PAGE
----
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From Craig McClanahan <>
Subject Re: [chain] Is anybody out there using chain in a production system?
Date Tue, 19 Oct 2004 17:13:55 GMT
On Tue, 19 Oct 2004 10:46:59 -0400, Sean Schofield
<> wrote:

> [snip]
> I think the main drawback to the chain of responsibility (COR) pattern
> is the lack of type safety (and transparency) that pops up in a typical
> implementation.  As you mentioned, commons-chain requires everything to
> be "jammed" into a context.

This is indeed a key consideration ... the price of making the method
signature of a Command be generic is that the state of the computation
is encapsulated in a "context".

However, you do have an architectural choice in how you actually
implement this, thanks to the fact that the base implementation of
Context provided in [chain] supplies "attribute-property

* Command implementations may treat the Context argument
  as an opaque Map, calling get() and put() operations with
  casts in the usual way.

* The application architecture may supply subclasses of
  Context that include typesafe properties for application specific
  "well known" properties, but allows the use of generic accessors
  for everything else.  The Command would have to cast the
  Context instance, but from there on gains type safety for the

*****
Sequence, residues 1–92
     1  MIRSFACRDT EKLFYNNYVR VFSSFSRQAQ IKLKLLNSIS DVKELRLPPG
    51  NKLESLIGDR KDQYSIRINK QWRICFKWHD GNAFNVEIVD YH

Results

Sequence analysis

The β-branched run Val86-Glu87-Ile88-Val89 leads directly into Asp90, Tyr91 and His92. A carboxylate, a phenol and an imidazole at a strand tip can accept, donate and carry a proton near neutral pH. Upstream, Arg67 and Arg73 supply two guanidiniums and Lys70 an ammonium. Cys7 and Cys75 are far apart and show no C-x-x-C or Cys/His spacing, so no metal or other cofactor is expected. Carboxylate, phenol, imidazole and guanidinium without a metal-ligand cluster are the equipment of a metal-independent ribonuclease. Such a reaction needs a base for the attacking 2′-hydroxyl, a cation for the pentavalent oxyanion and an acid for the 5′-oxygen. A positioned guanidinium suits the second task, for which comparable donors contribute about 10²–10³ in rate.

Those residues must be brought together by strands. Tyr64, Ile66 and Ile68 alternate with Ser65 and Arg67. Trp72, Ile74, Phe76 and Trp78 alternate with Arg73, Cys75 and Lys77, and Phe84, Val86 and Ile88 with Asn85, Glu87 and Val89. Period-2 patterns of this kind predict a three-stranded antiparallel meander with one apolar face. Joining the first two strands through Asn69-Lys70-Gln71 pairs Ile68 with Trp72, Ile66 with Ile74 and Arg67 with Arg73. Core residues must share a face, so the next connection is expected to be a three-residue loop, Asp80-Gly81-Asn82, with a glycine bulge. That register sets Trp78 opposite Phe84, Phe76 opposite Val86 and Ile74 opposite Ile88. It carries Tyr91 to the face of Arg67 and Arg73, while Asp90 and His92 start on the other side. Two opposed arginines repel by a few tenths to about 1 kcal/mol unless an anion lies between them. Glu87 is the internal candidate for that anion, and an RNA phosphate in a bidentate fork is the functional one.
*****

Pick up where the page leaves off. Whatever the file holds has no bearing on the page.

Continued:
well known things.

Indeed, [chain] supplies examples of the latter technique in the
org.apache.commons.chain.web package, where predefined slots for
things specific to using [chain] in a web environment are provided. 
My sense is that, no matter how generic we try to make our commands,
we're always building in *some* level of assumptions about the
contents of the Context (if nothing else, you have to agree on keys,
for example).  Therefore, I will tend to write application specific
context classes for the most commonly shared attributes.

It's also possible to think about Context items being used in more
than one application specific context -- for that, you can define the
typesafe properties contract for each application domain in an
interface that extends Context, and then build an implementation that
implements all of the interfaces.

It's not perfect, but to me this approach seems like a reasonable
tradeoff for the flexibility that [chain] gives you in composing the
processing that will actually happen.


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